Agriculture assessment in Iraq identifies priorities for faster recovery

A recent assessment conducted by the UN's Food and Agriculture Organisation and Non-governmental Organization partners Muslim Aid and REACH-Iraq in Iraq’s Nineveh, Kirkuk and Salahadin governorates – parts of which were liberated from Islamic State (IS) control in 2015 – found that the conflict has caused significant damages and losses across all agricultural subsectors. 

Crops 

Crop production – including wheat, barley, maize, fruits and vegetables – in Nineveh and Salahadin governorates provided nearly 70 percent of household income prior to their occupation by the Islamic State (IS). In Kirkuk, the agriculture, forestry and aquaculture sectors were collectively the second-largest employer. 

These three governorates contributed nearly half of Iraq’s national production of cereals, and therefore contributed significantly to national food security. 

IS’s invasion of these governorates in 2014 came just after the harvest, causing many farmers to lose their produce and disrupting the subsequent (2015) cropping cycle by generating massive displacement, looting and destruction of seed and fertilizer silos, as well as the collapse of Government–supported input provision. 

All three governorates reported a reduction in yields and in the land area cultivated with cereals. In addition, much of the existing irrigation infrastructure – including water pumps, electrical transformers and pivotal sprinklers – was damaged or stolen. Storage facilities and greenhouses also suffered significant damage. 

Due to a lack of pesticides, pests and weeds have become widespread, causing a decline in production. This has been aggravated by a lack of agricultural tools and machinery, most of which have either been damaged or looted during the fighting. 

The high prices of such inputs, compared with pre-crisis levels, have prevented many farmers from replacing their equipment. There is also a lack of labour as many young men have joined the fight against IS, particularly since April 2015. 

Livestock 

As a result of the crisis, livestock-related livelihoods and food supplies are significantly disrupted. Up to 80 percent of sheep and goats and up to 50 percent of cows were lost in many areas. Poultry has suffered the highest average mortality rates, at about 90 percent. 

Only 10 to 20 percent of livestock shelters remain intact. Access to medicine, vaccines and other veterinarian services previously available from the Government are no longer provided. The average production of meat, milk and eggs has dropped by 30 to 50 percent, presenting a major threat to household nutrition.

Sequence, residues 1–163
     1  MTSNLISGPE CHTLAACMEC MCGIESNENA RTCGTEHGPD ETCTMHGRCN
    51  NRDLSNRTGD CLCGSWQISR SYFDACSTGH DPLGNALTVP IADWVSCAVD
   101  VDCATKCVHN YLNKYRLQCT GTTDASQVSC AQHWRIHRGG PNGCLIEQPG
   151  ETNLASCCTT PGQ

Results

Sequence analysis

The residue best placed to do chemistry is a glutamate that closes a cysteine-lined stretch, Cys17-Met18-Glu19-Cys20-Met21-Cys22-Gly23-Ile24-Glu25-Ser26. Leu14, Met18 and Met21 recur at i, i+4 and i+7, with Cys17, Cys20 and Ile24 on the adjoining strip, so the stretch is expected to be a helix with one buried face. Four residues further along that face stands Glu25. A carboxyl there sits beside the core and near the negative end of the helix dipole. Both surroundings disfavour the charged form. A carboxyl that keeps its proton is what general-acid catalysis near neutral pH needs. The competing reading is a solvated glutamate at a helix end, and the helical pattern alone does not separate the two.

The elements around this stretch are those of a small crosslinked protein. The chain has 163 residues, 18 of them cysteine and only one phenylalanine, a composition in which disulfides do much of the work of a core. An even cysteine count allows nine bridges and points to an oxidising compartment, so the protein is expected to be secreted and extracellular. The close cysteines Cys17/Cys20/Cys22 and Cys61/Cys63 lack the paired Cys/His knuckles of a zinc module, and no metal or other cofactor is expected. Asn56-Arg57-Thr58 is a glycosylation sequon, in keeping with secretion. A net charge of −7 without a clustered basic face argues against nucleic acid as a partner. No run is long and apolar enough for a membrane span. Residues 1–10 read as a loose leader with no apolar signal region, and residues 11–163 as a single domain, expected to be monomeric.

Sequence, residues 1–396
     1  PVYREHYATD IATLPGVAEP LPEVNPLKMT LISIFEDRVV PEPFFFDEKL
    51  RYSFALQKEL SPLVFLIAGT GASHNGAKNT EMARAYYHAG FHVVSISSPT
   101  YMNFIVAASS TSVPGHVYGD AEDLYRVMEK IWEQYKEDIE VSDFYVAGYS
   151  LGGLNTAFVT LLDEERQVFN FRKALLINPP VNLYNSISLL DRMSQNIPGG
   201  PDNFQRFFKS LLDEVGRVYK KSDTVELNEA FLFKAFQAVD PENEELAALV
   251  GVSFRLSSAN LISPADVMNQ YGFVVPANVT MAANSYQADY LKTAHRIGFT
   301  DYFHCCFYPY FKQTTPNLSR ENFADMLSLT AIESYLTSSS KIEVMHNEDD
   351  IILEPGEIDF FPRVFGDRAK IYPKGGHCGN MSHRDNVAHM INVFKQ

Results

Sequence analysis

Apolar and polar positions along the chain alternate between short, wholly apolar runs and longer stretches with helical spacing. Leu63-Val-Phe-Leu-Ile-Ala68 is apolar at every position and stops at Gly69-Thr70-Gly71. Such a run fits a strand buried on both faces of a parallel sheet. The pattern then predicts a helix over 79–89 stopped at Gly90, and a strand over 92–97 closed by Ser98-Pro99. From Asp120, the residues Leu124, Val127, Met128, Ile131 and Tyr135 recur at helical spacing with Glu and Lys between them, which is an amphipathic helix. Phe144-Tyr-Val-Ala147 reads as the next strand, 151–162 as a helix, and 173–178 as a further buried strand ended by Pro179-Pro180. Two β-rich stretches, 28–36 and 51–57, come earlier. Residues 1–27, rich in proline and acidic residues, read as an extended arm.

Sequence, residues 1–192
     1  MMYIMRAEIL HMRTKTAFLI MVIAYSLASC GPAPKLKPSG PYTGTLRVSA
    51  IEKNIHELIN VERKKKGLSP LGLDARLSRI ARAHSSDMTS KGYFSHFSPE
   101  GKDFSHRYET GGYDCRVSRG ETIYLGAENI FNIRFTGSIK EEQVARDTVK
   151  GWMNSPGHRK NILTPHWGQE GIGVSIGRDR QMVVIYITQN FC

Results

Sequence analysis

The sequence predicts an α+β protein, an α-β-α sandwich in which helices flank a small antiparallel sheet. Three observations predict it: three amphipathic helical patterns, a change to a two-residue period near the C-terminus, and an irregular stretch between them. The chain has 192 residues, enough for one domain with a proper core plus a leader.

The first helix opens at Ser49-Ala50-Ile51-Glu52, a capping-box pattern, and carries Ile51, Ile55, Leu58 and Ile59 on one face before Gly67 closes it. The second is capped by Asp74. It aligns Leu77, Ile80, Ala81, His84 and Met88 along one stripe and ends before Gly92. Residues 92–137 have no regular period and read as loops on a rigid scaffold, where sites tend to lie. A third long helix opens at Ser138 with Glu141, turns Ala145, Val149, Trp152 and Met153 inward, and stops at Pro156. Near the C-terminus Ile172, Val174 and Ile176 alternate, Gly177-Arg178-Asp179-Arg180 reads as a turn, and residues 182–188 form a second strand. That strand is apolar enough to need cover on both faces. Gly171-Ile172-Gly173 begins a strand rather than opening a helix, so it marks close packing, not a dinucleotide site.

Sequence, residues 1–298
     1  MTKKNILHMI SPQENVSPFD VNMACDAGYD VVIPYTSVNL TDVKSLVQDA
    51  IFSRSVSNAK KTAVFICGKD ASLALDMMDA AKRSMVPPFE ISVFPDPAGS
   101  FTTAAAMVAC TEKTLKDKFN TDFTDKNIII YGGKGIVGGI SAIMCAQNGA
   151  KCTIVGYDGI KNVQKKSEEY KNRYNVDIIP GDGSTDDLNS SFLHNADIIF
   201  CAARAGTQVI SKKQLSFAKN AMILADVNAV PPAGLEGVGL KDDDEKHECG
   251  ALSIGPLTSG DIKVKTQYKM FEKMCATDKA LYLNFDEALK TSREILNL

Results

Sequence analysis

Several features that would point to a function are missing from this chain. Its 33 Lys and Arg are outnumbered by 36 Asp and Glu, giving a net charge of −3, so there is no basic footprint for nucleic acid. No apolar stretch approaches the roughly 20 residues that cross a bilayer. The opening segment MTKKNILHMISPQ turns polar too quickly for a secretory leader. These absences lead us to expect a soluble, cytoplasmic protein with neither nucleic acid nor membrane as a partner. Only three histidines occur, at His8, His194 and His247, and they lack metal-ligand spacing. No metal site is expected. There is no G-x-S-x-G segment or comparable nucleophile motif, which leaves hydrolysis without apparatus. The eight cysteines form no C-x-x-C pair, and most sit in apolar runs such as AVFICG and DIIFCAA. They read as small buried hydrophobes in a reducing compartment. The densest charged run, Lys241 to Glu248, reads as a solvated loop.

Fisheries/aquaculture 

In Salahadin – where up to 28 percent of farmers engage in fishery/aquaculture – 46 percent of fish ponds, almost all boats and half of the hatcheries were destroyed in the violence, while damage to gears and equipment ranges from 10 to 100 percent. Post-crisis production of fish is about 20 to 50 percent of pre-crisis levels in Salahadin, while in Ninewa, production is down from 10 to 2 tonnes per day compared with pre-crisis levels. 

Assistance desperately needed across all agricultural subsectors 

The results of the assessment indicate that urgent support is needed across all affected subsectors – crops, livestock and fisheries/aquaculture. To restore crop production, farmers require seeds, fertilizers, pesticides and tools, as well as the repair of farm machinery and damaged irrigation systems. 

The income generated from such production would enable farmers to repay their debts, invest in their livelihoods and repair other farm infrastructure such as silos and storage facilities. Livestock owners also require immediate assistance to restore production, protect the health and productivity of their animals through the provision of adequate shelters and affordable high-quality fodder, and increasing their access to veterinary medicines and vaccines. 

Additionally, support for restocking is urgently needed for those livestock owners who previously sold their animals through stress sales. In the short term, support for the recovery of fisheries/aquaculture activities in the region should include the rehabilitation of hatcheries and repopulation of fish ponds, as well as the replacing of equipment lost in the previous months.
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